30. 30.0 30.1 Kristof AS, Marks-Konczalik J, Billings E, Moss J (September 2003). "Stimulation of signal transducer and activator of transcription-1 (STAT1)-dependent gene transcription by lipopolysaccharide and interferon-gamma is regulated by mammalian target of rapamycin". The Journal of Biological Chemistry. 278 (36): 33637–44. doi:10.1074/jbc.M301053200. PMID 12807916.
  31. Liao J, Fu Y, Shuai K (May 2000). "Distinct roles of the NH2- and COOH-terminal domains of the protein inhibitor of activated signal transducer and activator of transcription (STAT) 1 (PIAS1) in cytokine-induced PIAS1-Stat1 interaction". Proceedings of the National Academy of Sciences of the United States of America. 97 (10): 5267–72. doi:10.1073/pnas.97.10.5267. PMC 25817. PMID 10805787.
  32. Xie B, Zhao J, Kitagawa M, Durbin J, Madri JA, Guan JL, Fu XY (June 2001). "Focal adhesion kinase activates Stat1 in integrin-mediated cell migration and adhesion". The Journal of Biological Chemistry. 276 (22): 19512–23. doi:10.1074/jbc.M009063200. PMID 11278462.
  33. Wong AH, Tam NW, Yang YL, Cuddihy AR, Li S, Kirchhoff S, Hauser H, Decker T, Koromilas AE (March 1997). "Physical association between STAT1 and the interferon-inducible protein kinase PKR and implications for interferon and double-stranded RNA signaling pathways". The EMBO Journal. 16 (6): 1291–304. doi:10.1093/emboj/16.6.1291. PMC 1169727. PMID 9135145.
  34. Wong AH, Durbin JE, Li S, Dever TE, Decker T, Koromilas AE (April 2001). "Enhanced antiviral and antiproliferative properties of a STAT1 mutant unable to interact with the protein kinase PKR". The Journal of Biological Chemistry. 276 (17): 13727–37. doi:10.1074/jbc.M011240200. PMID 11278865.
  35. Li X, Leung S, Qureshi S, Darnell JE, Stark GR (March 1996). "Formation of STAT1-STAT2 heterodimers and their role in the activation of IRF-1 gene transcription by interferon-alpha". The Journal of Biological Chemistry. 271 (10): 5790–4. doi:10.1074/jbc.271.10.5790. PMID 8621447.
  36. Dumler I, Kopmann A, Wagner K, Mayboroda OA, Jerke U, Dietz R, Haller H, Gulba DC (August 1999). "Urokinase induces activation and formation of Stat4 and Stat1-Stat2 complexes in human vascular smooth muscle cells". The Journal of Biological Chemistry. 274 (34): 24059–65. doi:10.1074/jbc.274.34.24059. PMID 10446176.
  37. Fagerlund R, Mélen K, Kinnunen L, Julkunen I (August 2002). "Arginine/lysine-rich nuclear localization signals mediate interactions between dimeric STATs and importin alpha 5". The Journal of Biological Chemistry. 277 (33): 30072–8. doi:10.1074/jbc.M202943200. PMID 12048190.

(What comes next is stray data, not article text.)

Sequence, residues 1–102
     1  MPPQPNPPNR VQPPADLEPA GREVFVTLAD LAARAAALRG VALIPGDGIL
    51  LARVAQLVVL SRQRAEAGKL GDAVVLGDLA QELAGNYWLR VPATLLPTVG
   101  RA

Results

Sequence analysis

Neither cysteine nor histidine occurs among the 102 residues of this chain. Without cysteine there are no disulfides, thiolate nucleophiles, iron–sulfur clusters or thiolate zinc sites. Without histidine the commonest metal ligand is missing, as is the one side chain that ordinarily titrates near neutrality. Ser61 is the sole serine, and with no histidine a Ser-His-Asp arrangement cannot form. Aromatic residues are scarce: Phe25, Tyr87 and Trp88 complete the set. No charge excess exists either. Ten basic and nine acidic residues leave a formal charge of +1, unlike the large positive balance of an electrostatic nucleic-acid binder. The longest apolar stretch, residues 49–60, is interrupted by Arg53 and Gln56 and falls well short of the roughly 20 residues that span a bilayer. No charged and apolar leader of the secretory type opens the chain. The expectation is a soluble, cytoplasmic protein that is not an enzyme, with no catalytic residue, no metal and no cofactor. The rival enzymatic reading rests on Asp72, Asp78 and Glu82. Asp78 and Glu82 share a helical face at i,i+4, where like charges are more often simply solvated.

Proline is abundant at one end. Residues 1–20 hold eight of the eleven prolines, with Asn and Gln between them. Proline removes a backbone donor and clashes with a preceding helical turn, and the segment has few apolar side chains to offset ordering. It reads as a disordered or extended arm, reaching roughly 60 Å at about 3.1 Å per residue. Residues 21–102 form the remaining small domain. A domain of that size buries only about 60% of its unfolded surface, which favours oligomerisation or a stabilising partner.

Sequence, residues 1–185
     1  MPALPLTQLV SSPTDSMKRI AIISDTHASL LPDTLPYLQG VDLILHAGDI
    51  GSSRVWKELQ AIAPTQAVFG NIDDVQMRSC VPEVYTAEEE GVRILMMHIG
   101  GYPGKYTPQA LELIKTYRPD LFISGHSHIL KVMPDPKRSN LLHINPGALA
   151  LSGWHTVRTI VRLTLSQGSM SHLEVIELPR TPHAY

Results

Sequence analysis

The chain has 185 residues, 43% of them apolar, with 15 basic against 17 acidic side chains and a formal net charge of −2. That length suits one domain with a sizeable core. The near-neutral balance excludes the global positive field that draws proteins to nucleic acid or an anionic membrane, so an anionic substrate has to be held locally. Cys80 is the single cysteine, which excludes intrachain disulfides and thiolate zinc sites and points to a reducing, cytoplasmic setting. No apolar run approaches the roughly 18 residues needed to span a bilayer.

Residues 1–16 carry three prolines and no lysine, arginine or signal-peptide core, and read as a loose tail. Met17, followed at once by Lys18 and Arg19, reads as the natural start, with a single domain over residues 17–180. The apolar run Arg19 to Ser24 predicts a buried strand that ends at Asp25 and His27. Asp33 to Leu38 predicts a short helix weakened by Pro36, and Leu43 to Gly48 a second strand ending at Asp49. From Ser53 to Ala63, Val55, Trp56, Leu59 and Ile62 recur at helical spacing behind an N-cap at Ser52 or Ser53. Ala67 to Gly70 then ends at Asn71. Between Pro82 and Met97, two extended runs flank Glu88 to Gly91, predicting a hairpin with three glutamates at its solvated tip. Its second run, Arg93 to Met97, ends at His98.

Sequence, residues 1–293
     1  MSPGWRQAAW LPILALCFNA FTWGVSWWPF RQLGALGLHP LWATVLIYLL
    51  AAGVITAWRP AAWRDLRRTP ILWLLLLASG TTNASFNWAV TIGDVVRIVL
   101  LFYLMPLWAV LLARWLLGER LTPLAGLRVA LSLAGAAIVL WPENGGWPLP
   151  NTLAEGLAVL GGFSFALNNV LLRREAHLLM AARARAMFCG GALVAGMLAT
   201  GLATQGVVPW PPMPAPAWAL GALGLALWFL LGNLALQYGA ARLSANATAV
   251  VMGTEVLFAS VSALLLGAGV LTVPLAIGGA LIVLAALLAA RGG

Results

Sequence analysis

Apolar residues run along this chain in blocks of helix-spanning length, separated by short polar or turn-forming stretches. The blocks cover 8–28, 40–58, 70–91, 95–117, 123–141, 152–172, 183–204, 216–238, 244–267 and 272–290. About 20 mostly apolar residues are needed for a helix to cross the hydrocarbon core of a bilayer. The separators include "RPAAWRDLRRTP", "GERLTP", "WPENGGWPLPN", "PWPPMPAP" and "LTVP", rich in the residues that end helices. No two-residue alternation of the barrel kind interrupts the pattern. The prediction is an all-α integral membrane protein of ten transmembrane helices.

38. Gunaje JJ, Bhat GJ (October 2001). "Involvement of tyrosine phosphatase PTP1D in the inhibition of interleukin-6-induced Stat3 signaling by alpha-thrombin". Biochemical and Biophysical Research Communications. 288 (1): 252–7. doi:10.1006/bbrc.2001.5759. PMID 11594781.
  39. Spiekermann K, Biethahn S, Wilde S, Hiddemann W, Alves F (August 2001). "Constitutive activation of STAT transcription factors in acute myelogenous leukemia". European Journal of Haematology. 67 (2): 63–71. doi:10.1034/j.1600-0609.2001.t01-1-00385.x. PMID 11722592.
  40. Cirri P, Chiarugi P, Marra F, Raugei G, Camici G, Manao G, Ramponi G (October 1997). "c-Src activates both STAT1 and STAT3 in PDGF-stimulated NIH3T3 cells". Biochemical and Biophysical Research Communications. 239 (2): 493–7. doi:10.1006/bbrc.1997.7493. PMID 9344858.
  41. Wang Y, Wu TR, Cai S, Welte T, Chin YE (July 2000). "Stat1 as a component of tumor necrosis factor alpha receptor 1-TRADD signaling complex to inhibit NF-kappaB activation". Molecular and Cellular Biology. 20 (13): 4505–12. doi:10.1128/mcb.20.13.4505-4512.2000. PMC 85828. PMID 10848577.

Further reading

  • Cebulla CM, Miller DM, Sedmak DD (2000). "Viral inhibition of interferon signal transduction". Intervirology. 42 (5–6): 325–30. doi:10.1159/000053968. PMID 10702714.
  • Kisseleva T, Bhattacharya S, Braunstein J, Schindler CW (February 2002). "Signaling through the JAK/STAT pathway, recent advances and future challenges". Gene. 285 (1–2): 1–24. doi:10.1016/S0378-1119(02)00398-0. PMID 12039028.
  • Joseph AM, Kumar M, Mitra D (January 2005). "Nef: "necessary and enforcing factor" in HIV infection". Current HIV Research. 3 (1): 87–94. doi:10.2174/1570162052773013. PMID 15638726.

External links